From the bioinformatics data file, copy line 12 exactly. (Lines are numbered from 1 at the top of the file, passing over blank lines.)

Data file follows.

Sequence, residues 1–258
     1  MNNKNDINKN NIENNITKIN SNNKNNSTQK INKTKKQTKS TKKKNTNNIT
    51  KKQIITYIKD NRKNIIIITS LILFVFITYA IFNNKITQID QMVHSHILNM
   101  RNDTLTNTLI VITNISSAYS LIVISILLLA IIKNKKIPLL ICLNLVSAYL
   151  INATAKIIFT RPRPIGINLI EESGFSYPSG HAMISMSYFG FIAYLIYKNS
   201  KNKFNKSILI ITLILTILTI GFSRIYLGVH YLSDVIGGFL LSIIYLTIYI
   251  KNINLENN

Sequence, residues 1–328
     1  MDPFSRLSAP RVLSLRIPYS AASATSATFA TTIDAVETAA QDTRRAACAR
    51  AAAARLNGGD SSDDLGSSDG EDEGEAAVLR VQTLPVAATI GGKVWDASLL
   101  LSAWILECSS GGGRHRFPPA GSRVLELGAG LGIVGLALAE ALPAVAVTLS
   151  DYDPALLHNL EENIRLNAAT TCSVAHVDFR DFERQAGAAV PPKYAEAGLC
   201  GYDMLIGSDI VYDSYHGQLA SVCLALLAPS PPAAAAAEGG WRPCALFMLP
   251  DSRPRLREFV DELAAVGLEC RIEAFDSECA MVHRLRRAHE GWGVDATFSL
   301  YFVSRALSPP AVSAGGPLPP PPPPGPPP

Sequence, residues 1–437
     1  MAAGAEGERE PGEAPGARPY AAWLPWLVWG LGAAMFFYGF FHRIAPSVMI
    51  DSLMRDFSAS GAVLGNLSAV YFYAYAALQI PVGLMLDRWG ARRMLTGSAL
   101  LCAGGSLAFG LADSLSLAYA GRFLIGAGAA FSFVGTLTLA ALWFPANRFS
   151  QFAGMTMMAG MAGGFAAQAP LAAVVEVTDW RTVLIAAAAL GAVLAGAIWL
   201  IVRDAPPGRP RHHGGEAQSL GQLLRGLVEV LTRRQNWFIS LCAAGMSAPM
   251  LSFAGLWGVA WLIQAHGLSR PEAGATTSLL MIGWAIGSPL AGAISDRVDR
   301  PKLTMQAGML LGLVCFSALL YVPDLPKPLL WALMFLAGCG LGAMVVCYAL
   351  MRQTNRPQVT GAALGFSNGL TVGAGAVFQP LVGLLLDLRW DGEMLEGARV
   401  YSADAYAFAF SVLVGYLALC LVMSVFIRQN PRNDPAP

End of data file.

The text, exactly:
   151  DYDPALLHNL EENIRLNAAT TCSVAHVDFR DFERQAGAAV PPKYAEAGLC